The emergence of novel antivirals like molnupiravir is good news, but testing needs to be ramped up to detect cases in the first days of infection when the drugs may be most effective, Cohen said. How much they will cost — and who will receive them and who won’t if supplies are limited — remain questions.
Countries are already lining up behind the US, which agreed in June to pay Merck about $1.2bn for 1.7-million treatment courses, or about $700 per course. Australia, Malaysia, Singapore and New Zealand have already secured supplies, while Thailand was finalising its own pact last week. In all, about 10 countries have either signed deals or are in talks to do so, according to London-based Airfinity.
Hopes are running high that the drug will be widely available. In April, Merck licensed it to Indian companies including Cipla, Dr Reddy’s Laboratories and Hetero Labs. The company has been in discussions with the Medicines Patent Pool to weigh additional licences and said it plans to implement a tiered pricing approach based on World Bank income criteria.
Merck itself said it expects to produce 10-million courses by the end of the year as it seeks emergency use authorisation in the US. “Substantially more” should become available next year, Schaper said.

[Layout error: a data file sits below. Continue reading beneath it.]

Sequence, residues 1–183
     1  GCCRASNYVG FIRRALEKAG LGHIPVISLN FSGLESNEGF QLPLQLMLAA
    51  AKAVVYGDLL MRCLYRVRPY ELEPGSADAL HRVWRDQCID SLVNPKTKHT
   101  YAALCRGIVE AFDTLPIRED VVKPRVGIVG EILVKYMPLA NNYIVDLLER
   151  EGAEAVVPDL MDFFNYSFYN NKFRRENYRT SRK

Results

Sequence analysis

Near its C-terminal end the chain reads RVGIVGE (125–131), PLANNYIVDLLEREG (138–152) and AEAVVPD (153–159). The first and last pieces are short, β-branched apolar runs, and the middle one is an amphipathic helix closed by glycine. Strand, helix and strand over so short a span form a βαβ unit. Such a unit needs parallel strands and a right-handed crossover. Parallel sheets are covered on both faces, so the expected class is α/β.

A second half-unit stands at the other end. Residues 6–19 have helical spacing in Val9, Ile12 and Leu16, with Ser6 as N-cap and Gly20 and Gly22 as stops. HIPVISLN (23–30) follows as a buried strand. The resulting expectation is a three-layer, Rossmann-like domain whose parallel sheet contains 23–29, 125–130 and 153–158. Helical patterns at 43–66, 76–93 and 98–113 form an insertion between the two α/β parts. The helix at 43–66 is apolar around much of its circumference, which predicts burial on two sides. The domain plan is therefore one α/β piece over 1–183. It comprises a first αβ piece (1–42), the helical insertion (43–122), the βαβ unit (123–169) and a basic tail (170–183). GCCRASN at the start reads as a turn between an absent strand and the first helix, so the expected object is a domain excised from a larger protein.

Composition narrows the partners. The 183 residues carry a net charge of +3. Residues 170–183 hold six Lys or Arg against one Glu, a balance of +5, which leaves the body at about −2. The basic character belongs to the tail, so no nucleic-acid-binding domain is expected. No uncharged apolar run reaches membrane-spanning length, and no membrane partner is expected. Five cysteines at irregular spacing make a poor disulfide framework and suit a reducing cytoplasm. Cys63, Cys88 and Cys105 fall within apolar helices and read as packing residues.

The ACT-Accelerator was launched last year by the WHO and other organisations to spur the development and equitable delivery of Covid vaccines, tests and therapies. The coalition has played an important role, but has grappled with external and internal challenges that have hampered its progress, according to the report. The WHO said in a statement that recommendations will be incorporated into a revised strategy.
Unitaid, one of the groups overseeing the therapies campaign, is working to ensure new treatments are ready as soon as the WHO or others approve them, but more than $3bn is needed to fund the effort next year, a representative, Herve Verhoosel, wrote in a statement.
“With therapeutics, the pipeline is more complex and there are more entities involved than with vaccines, which makes procuring new treatments more complicated,” according to Unitaid.
Covid therapies could be critical for many countries due to the risk of further variants and low immunisation levels. More than 55 countries had yet to vaccinate 10% of their populations up to last week.
“The countries where we don’t have widespread access to vaccines are the exact same countries where treatment will be more urgently needed,” said Suerie Moon, co-director of the Global Health Centre at the Graduate Institute of International and Development Studies in Geneva.
If new treatments like Merck’s become available soon, “rapid pre-emptive action” will be needed to make sure the delivery effort doesn’t face similar challenges to Covax, the report said.
Bloomberg News. More stories like this are available on bloomberg.com